The Monon Train Robbery of 1885
This robbery was not the first train robbery in the United States, which took place on May 5, 1865 near North Bend, Ohio on the Ohio & Mississippi Railroad. This robbery was a significant event in the history of the Monon Railroad. The Monon Train robbery happened next to the "Big Rock" on the tracks between Harrodsburg and Smithville.
Could the rock pictured to the left of the image be "the big rock"?
From the Bloomington (IN) Republican Progress, May 6, 1885, page 2.
NOTE: This very lengthy item was abbreviated as noted by the ellipsis.
George L. Davis was noted variously as George K. Davis; Weber was noted variously as Webber.
DARING DEVILTRY Shot Down for a Few Dollars The night express train
that runs from Louisville to Chicago had gone about 2 1/2 miles north of
last Wednesday night when the bell on the locomotive was rung, and the engineer
put on his air brakes. The train was then laboring up what is known as the
Smithville grade, and it, of course, surprised the engineer to receive a signal
to stop there. Soon after the signal was given, and before the train had stopped,
the door of the smoking car was hastily dashed open and the baggage master,
Peter Weber, staggered in, exclaiming in excited tones, that "there is
a robber in the express car killing Davis and me!" There were fifteen
drummers in the smoker, and they were panic stricken, none seeming inclined
to move. One of the drummers, an effeminate looking fellow from Louisville
named Richardson, fainted, and some trouble was experienced in restoring him
to consciousness. The baggage master presented a frightful appearance, the
eyewitnesses say, his head a mass of clotted blood, and a rivulet of fresh
from his face where he had been shot. Finally Tip Wade and Conductor Chambers went into the baggage car where they found the express messenger, George L. Davis, lying unconscious in a pool of blood, his safe open and papers scattered about the floor.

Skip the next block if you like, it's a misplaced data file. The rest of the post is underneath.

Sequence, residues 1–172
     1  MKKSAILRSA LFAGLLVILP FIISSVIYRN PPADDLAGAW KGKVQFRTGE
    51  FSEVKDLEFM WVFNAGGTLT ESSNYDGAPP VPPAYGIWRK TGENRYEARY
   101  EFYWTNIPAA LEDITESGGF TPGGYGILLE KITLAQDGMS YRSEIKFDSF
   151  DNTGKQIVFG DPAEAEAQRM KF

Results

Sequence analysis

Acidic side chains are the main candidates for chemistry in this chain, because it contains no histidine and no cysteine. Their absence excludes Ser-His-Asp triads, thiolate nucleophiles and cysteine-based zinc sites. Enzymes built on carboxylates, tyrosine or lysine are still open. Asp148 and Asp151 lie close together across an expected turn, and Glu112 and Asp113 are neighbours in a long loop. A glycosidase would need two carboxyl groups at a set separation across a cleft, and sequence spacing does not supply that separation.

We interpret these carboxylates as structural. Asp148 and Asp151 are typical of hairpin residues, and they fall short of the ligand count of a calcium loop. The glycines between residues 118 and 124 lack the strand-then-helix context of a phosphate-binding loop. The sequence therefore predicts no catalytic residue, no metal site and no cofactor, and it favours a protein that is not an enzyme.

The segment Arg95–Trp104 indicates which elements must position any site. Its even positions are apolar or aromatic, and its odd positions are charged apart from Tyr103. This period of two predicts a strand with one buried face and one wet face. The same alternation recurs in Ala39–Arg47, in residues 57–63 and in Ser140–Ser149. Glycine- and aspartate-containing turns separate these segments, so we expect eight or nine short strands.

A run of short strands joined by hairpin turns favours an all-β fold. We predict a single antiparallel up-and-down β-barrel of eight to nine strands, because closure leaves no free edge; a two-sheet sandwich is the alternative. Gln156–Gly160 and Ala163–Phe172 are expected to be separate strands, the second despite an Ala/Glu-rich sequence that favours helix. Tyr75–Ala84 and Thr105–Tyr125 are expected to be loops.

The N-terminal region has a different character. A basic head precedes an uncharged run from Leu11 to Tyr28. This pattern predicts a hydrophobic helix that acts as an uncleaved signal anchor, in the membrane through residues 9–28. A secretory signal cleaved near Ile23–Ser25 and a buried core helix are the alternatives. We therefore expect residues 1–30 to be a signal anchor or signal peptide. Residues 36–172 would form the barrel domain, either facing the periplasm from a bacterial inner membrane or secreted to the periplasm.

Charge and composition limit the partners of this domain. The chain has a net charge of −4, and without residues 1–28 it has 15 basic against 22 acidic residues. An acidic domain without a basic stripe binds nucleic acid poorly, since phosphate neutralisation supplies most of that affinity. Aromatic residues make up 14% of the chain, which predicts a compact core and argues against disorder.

Gradually the story of the terrible deed was told by the baggage master, which
was in brief that he had been in the smoking car talking to Wade and went forward
from there into the baggage car after the train left the tank; that as he stepped
into the door he saw Davis lying on the floor, a man with a club standing over
him; that the man rushed at him and knocked him down; that as he recovered
he saw the messenger stagger to his feet and reach for his revolver which was
in a pigeon hold; the robber jerked it from his hand and shot Davis, the expressman,
in the head; that the robber then pressed the revolver against
Weber, the baggage man's head, commanding him to get the keys from the expressman and open the safe on pain of death; this Weber did, the desperado covering him with his pistol while with the left hand he rifled the safe; then shot the baggage man in the face; Weber jerked the bell rope, the robber stood and looked at him a moment, then turned, passing out at the door and jumped from the train...